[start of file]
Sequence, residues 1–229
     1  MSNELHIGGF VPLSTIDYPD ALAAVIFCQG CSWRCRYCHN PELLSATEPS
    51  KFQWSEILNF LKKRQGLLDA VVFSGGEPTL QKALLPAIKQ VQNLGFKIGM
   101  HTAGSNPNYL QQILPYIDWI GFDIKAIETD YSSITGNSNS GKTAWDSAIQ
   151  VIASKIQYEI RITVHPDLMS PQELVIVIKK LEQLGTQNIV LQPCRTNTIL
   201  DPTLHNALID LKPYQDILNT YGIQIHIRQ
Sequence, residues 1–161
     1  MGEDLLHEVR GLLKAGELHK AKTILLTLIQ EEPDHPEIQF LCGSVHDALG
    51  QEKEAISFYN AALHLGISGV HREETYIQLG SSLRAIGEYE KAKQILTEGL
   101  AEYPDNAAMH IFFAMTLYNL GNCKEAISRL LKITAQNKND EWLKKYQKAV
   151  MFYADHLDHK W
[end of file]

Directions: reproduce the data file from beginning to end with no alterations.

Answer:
Sequence, residues 1–229
     1  MSNELHIGGF VPLSTIDYPD ALAAVIFCQG CSWRCRYCHN PELLSATEPS
    51  KFQWSEILNF LKKRQGLLDA VVFSGGEPTL QKALLPAIKQ VQNLGFKIGM
   101  HTAGSNPNYL QQILPYIDWI GFDIKAIETD YSSITGNSNS GKTAWDSAIQ
   151  VIASKIQYEI RITVHPDLMS PQELVIVIKK LEQLGTQNIV LQPCRTNTIL
   201  DPTLHNALID LKPYQDILNT YGIQIHIRQ
Sequence, residues 1–161
     1  MGEDLLHEVR GLLKAGELHK AKTILLTLIQ EEPDHPEIQF LCGSVHDALG
    51  QEKEAISFYN AALHLGISGV HREETYIQLG SSLRAIGEYE KAKQILTEGL
   101  AEYPDNAAMH IFFAMTLYNL GNCKEAISRL LKITAQNKND EWLKKYQKAV
   151  MFYADHLDHK W